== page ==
The World Health Organization (WHO) estimates that smoking kills nearly 6 million people per year worldwide, making it the largest cause of preventable premature death. It is estimated that there are more than 300 million people smoke in China and in 2010 alone nearly one million people in China died from causes related to tobacco smoking. If the trend continues, the death-toll will double to two million people by 2030. In Hong Kong, 600,000 smokers still light up and are laid low by the practice every year.
But there may be a saviour.
Smoking causes a wide range of non-communicable diseases, including lung cancer, chronic obstructive lung disease, peripheral arterial disease, and heart disease. These diseases are caused by regular, long-term inhalation of smoke from burnt tobacco. That smoke contains around 7,000 chemicals, over 200 of which are carcinogens. Approximately half of all smokers will die prematurely as a result of their habit.
In an attempt to reduce this enormous toll, the WHO established the Framework Convention on Tobacco Control (FCTC). To date, the FCTC has focused on policies that seek to reduce demand for and supply of tobacco products, or simply promulgated the idea that smokers either “quit or die.” Yet, since the FCTC came into force in 2005, the number of smokers has increased, especially in China and other developing countries that were the FCTC’s primary target.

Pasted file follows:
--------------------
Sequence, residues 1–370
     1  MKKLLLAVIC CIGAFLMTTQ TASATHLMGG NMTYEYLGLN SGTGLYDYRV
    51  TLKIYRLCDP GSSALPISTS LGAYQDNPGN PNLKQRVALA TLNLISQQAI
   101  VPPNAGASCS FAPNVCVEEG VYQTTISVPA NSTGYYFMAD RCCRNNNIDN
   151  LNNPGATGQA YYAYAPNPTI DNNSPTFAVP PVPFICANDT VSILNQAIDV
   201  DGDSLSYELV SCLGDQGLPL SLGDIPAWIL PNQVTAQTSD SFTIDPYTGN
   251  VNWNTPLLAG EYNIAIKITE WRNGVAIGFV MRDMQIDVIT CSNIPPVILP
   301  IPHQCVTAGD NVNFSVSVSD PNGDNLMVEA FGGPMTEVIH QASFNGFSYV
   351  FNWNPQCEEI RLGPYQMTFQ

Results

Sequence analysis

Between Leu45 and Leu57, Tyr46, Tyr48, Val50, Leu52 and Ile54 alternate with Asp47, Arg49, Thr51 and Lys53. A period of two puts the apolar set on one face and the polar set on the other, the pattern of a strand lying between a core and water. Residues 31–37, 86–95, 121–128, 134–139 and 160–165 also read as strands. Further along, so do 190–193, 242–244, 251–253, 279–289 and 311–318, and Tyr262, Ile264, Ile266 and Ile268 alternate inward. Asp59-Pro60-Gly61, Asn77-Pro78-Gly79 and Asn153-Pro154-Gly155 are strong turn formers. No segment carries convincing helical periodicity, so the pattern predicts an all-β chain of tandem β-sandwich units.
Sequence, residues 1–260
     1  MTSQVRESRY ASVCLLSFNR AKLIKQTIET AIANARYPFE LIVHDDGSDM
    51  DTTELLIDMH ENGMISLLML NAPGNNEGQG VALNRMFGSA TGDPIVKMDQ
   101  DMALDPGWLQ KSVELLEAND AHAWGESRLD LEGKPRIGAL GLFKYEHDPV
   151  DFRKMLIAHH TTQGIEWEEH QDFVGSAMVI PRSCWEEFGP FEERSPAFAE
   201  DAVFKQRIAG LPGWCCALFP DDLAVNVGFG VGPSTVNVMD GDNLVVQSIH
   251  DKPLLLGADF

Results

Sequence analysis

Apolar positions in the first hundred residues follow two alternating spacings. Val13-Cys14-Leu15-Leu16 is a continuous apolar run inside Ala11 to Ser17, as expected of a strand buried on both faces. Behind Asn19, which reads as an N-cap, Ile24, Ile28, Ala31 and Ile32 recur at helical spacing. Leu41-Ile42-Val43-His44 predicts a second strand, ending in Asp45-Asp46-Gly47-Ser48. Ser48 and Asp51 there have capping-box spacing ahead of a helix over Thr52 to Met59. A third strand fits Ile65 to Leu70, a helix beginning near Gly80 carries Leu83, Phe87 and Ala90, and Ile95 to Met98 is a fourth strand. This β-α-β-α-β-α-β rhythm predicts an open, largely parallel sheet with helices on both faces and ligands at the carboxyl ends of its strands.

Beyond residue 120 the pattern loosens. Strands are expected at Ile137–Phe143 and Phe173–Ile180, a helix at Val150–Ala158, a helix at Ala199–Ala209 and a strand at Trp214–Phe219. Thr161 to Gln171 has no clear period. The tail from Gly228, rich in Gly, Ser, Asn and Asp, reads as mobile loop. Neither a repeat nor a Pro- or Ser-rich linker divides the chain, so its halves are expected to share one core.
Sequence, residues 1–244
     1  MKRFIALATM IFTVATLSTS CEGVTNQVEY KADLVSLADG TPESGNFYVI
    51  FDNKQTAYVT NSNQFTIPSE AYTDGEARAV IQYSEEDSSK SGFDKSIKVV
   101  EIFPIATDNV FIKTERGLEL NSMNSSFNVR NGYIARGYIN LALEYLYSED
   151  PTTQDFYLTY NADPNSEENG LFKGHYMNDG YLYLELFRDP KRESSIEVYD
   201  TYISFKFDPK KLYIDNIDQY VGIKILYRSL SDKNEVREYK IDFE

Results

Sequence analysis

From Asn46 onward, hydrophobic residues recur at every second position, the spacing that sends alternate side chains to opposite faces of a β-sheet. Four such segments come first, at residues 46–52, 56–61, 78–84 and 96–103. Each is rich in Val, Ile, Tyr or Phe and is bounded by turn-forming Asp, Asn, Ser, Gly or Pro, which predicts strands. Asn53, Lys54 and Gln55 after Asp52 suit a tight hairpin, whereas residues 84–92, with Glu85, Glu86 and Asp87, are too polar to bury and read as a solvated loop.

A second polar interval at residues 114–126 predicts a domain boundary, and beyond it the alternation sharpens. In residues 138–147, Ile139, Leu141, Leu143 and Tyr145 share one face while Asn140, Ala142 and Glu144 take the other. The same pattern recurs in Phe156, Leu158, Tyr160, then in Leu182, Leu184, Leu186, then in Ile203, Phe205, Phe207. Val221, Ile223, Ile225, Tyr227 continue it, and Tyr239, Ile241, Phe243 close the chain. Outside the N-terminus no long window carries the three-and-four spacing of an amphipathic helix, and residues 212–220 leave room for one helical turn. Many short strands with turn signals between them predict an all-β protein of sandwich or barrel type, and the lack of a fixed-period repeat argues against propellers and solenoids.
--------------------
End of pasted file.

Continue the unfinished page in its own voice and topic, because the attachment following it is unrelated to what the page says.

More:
A real solution
Clearly, there is a need to supplement these policies with a more open-minded approach to look at emerging non-combustible products that offer smokers less harmful alternatives to cigarettes. Unfortunately, the FCTC seems resistant to such products, in spite of compelling evidence that they have enabled millions of people to stop smoking.
The key principle to these products is the absence of combustion and new technologies have emerged that offers smokers ways to retain the rituals and pleasures of smoking with far fewer risks as a result. One such technology is the “electronic cigarette,” first developed by a Chinese pharmacist Hon Lik in 2003, which has some of the look and feel of a cigarette and delivers nicotine, with only a tiny fraction of the number and amounts of toxic chemicals. The device works by heating a solution of nicotine mixed with propylene glycol and flavors, to create a vapor.